Sierra Baldwin-Powell, culinary student at Kennebec Valley Community College, adding raspberry sauce to lemon ricotta cakes for the program's Auvergne & Rhone Alpes-inspired fine-dining night.

The scene is familiar: diners dressed to the nines led eagerly to white-clothed tables, softly lit with twinkle lights and candles. Server Mitchell Chavez-Catron explained that the seven-course menu was inspired by the cuisine of the Auvergne and the Rhone Alps region of France.

To start, a seafood canape followed by a panzanella salad tossed in a honey lavender dressing and local tomato gazpacho. After a pear sorbet to cleanse the palette, the entree arrives: pork fricassee with gratin dauphinois and sauteed spinach, followed by lemon ricotta cake for dessert and walnut shortbread mignardise with coffee to cap the evening.

This meal was not served by chefs at a five-star restaurant. It was designed, created and executed by culinary students at Kennebec Valley Community College in Fairfield.

For a few years now, the community college’s culinary program has hosted a series of fine-dining nights throughout the fall semester.

“We have a lot of locals that just love it,” said Stephanie Enjaian, culinary arts department chair at the college. “This year, it’s become really popular. We have a lot of repeat guests [who] market for us [through word-of-mouth].”

Executing the event is part of the small-culinary program’s curriculum, but it is still a logistical feat. The learning extends beyond the cooking.

“We serve 35 people on Friday nights for six Friday nights,” Enjaian said. “That’s a lot of courses. We only have eight students and 245 dishes. They take care of that within a two hour period.”

Several community colleges in Maine host fine-dining events associated with their culinary arts programs. The students, who often go on to work in Maine’s burgeoning restaurant scene, are not only taught how to plan menus and prepare interesting, quality dishes, but they also get real-world experience connecting with local food systems to make it possible, forging connections that may carry into the future.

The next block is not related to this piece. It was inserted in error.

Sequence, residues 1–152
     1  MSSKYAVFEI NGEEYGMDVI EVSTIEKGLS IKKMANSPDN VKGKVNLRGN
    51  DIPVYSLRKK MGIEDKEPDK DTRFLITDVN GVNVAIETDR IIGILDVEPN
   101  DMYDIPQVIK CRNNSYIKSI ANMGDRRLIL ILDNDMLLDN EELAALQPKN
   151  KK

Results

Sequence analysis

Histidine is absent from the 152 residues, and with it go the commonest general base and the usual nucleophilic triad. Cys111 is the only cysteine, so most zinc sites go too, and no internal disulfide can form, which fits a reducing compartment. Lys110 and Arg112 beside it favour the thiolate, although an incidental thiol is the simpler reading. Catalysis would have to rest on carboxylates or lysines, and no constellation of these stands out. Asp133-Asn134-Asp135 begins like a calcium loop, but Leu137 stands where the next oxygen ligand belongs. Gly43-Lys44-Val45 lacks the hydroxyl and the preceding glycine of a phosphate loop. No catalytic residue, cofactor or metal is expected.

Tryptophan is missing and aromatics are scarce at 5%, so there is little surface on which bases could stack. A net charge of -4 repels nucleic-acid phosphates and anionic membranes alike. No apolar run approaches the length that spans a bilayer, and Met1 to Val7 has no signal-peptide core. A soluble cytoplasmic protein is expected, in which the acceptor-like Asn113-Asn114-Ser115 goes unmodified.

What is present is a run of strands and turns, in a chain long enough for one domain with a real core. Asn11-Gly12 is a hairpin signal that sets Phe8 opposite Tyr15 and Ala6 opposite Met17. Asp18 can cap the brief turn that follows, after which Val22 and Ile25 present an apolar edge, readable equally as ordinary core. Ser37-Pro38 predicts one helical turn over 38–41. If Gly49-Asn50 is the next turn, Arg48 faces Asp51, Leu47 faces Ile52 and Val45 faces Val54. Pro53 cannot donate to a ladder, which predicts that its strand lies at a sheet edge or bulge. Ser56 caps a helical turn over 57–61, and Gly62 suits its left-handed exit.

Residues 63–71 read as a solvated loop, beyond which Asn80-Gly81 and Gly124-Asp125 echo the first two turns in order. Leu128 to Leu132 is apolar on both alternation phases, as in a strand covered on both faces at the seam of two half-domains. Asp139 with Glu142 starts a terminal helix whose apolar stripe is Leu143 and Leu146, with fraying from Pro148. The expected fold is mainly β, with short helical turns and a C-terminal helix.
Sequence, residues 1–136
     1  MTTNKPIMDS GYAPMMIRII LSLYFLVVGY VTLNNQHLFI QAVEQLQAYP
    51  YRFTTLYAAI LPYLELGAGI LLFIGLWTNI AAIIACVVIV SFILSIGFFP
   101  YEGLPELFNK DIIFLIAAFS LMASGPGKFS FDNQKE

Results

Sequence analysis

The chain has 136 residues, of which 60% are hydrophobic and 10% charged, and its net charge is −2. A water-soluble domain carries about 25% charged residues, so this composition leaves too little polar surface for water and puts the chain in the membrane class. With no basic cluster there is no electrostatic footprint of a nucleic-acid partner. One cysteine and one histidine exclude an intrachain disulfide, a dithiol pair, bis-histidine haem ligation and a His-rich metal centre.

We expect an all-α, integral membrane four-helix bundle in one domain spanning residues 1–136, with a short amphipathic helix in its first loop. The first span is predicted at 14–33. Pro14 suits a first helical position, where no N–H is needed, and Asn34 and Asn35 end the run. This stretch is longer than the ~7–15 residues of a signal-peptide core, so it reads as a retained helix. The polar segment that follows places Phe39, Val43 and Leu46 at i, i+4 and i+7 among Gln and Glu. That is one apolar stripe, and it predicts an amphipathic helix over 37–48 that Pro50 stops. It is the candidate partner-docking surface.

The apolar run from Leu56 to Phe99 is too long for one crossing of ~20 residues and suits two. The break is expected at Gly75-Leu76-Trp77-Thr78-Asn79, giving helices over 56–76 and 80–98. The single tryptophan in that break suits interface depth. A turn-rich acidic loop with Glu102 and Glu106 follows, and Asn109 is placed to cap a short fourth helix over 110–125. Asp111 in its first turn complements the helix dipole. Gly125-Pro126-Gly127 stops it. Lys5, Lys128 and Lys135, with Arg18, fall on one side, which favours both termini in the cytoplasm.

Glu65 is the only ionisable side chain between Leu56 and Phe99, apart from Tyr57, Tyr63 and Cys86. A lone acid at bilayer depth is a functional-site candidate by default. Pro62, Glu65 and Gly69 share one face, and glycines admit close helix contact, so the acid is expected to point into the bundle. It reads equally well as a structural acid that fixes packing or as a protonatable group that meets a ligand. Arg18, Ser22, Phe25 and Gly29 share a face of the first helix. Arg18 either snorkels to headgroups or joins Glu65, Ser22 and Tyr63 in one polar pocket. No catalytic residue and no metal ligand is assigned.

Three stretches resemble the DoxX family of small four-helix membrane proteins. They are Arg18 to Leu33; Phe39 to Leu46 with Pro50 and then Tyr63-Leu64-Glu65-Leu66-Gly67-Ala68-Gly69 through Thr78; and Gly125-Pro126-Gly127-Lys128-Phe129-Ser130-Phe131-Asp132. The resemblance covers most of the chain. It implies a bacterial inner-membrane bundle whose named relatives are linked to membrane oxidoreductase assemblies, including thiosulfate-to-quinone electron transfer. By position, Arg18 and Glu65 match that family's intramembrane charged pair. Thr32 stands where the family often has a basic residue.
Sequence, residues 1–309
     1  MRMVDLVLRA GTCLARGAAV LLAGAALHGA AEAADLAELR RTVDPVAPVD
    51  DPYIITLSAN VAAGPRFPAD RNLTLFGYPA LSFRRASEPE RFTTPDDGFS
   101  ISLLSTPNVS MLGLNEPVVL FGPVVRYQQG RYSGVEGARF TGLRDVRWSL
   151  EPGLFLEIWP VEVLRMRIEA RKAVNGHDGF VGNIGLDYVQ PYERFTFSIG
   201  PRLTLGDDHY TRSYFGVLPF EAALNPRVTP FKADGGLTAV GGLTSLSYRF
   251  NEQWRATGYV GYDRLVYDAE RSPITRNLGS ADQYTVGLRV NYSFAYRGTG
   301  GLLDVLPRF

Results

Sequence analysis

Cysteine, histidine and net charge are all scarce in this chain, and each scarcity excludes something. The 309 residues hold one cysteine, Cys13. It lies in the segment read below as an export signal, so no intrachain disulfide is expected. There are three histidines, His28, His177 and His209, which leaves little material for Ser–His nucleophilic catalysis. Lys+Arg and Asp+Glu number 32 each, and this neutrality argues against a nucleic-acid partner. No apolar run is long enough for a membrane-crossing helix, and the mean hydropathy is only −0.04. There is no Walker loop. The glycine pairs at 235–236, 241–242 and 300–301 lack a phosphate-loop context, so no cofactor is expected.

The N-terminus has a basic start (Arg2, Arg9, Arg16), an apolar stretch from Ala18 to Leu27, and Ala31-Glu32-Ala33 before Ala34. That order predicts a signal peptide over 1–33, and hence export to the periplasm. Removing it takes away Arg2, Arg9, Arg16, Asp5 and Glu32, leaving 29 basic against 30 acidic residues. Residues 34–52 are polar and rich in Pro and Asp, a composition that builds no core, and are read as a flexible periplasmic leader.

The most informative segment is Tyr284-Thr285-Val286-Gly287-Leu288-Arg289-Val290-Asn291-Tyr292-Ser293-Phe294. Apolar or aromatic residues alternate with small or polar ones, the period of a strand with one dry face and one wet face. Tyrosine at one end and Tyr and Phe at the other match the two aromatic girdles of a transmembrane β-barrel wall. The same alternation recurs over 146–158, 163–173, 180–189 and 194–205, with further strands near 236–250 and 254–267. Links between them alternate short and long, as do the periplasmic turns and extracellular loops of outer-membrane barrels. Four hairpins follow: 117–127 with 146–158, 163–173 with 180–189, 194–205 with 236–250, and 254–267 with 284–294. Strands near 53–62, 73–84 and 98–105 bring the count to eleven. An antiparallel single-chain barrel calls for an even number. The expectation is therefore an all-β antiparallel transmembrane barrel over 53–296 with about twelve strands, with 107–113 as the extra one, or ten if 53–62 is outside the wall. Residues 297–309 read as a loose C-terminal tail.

Training the next generation of restaurateurs

Southern Maine Community College in South Portland hosts upscale luncheons for six weeks each semester throughout the academic year in conjunction with their classes in buffet preparation and a la carte dining.

“We’ve been here for 20-plus years,” said Maureen LaSalle, department chair of culinary arts at the college. “When we start taking reservations at the beginning of the semester, we’ll book up and have a waitlist. It is a bit of a challenge, but a good challenge to have.”

Similarly, Eastern Maine Community College’s Rangeley Cafe in Bangor has been consistently serving weekly, gourmet, prix fixe lunches — French cuisine in the fall semester, and international in the spring — for almost two decades

“We emulate what [culinary schools] do, but we do it in a very affordable, approachable manner,” said Jay Demers, co-chair of culinary arts and restaurant and food service management at the college. “[Students] are looking at six grand for tuition. That’s not a huge investment for what comes out on the other side.”

Aside from accessibility and affordability for students, Demers said that the hands-on experience prepares students for the reality of working in the restaurant industry.

“It’s a great way for students to learn not just our opinions, but what the customers like,” Demers said. “Everybody has different likes and dislikes and dietary restrictions. [It makes] the real world piece easier.”

Learning how to buy local